These collectibles also make amazing “man cave” decorations for sports aficionados. Owning genuine sports memorabilia is the ultimate status symbol and proof of devotion to sports.

Is sports merchandise a lucrative market?

The market for sports collectibles is more profitable than most people would believe. Although many collectors have a sentimental attachment to their sports memorabilia, a few others prefer to buy and sell sports collectibles in Phoenix, AZ for profit. Autographed memorabilia, in most cases, command higher prices than non-autographed items. For example, Hersh Borenstein—a known memorabilia dealer—bought 800 autographs from Maurice Rocket Richard for 7 dollars a piece in 2000, just shortly before his death on May 27, 2000. By the time Borenstein sold the last few autographs in 2005, the asking price had increased to a whopping 199 dollars apiece. 

To be a worthy collectible, however, the memorabilia should be in flawless condition since it is a major investment. The older, more historically significant, and well-kept a sports collectible is, the higher price it will fetch.

Special cases are available for protecting memorabilia from harm and environmental damage. If a reputable appraisal company such as Biltmore Loan and Jewelry has analyzed, approved, and authenticated a sports memorabilia, then that information will help determine the sale value of the possession. Whether it’s an extensive collection of sports cards or a few rare pieces from a diversified asset portfolio, knowing the true value of a memorabilia can help the collector make a fortune. After all, the U.S. sports memorabilia market is worth 5.4 billion dollars annually.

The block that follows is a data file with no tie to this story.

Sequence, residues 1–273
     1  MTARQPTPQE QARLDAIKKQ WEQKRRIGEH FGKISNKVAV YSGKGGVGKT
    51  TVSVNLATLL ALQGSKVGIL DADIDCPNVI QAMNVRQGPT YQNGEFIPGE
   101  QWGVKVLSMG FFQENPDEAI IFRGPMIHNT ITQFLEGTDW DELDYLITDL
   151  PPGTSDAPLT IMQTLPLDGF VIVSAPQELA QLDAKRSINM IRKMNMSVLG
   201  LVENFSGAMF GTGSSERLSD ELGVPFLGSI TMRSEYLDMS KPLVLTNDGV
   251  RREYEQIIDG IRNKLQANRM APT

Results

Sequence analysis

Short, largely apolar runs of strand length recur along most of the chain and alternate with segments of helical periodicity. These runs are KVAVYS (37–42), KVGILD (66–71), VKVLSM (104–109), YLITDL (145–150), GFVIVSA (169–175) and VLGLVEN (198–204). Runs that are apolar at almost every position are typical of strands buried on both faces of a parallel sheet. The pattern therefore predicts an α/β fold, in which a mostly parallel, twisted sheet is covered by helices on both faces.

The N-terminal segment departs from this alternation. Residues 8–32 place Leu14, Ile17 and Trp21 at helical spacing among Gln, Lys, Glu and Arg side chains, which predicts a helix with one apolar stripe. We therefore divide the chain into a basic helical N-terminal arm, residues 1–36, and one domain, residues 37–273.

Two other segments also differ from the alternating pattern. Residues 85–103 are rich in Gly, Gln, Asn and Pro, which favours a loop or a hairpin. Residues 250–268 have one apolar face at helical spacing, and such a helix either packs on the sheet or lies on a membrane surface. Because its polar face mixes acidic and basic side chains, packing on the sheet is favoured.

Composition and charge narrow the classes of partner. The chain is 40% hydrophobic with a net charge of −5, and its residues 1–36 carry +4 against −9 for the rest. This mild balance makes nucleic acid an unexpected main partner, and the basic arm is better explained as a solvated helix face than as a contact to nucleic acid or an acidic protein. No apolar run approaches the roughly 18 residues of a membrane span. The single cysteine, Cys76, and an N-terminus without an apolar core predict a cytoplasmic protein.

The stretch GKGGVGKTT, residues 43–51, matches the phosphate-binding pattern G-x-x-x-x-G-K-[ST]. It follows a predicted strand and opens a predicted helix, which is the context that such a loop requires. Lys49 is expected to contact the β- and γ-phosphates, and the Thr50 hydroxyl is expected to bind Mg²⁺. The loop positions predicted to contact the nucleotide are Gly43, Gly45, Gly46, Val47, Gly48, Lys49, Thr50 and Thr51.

What other factors determine the value of autographed memorabilia?

To uncover the market price and value of a sports memorabilia, several different factors come into play. The most noteworthy criteria in determining the value of an autographed piece is the type of object signed and the credits of the athlete who affixed their signature. The level of fame and success the athlete achieved has a significant effect on how sought-after a memorabilia becomes, as well as how valuable it is to the collector. Another factor that affects the worth of an autographed collectible is the frequency a particular athlete signs memorabilia throughout their career.

Former professional baseball left fielder Barry Bonds, for instance, is notorious for avoiding autograph signings. His constant refusal to sign autographs is a cause of disappointment for most fans, but if you are a dedicated collector, then you would know that a signed souvenir from the legendary Barry Bonds is one of the most coveted collectibles due to its rarity.

It’s Time to Cash in Your Valuable Sports Memorabilia 

If you are a proud owner of signed jerseys, balls, bats, helmets, gloves, or any of the collectibles mentioned in this article, you can convert them into cash when you sell your sports memorabilia for profit here at Biltmore Loan and Jewelry, or use them as collateral for a loan. Complete this online form now to request a free market appraisal. You can also call us at 480-705-5626 (Chandler, AZ) or 480-991-5626 (Scottsdale, AZ) to set an appointment at your convenience.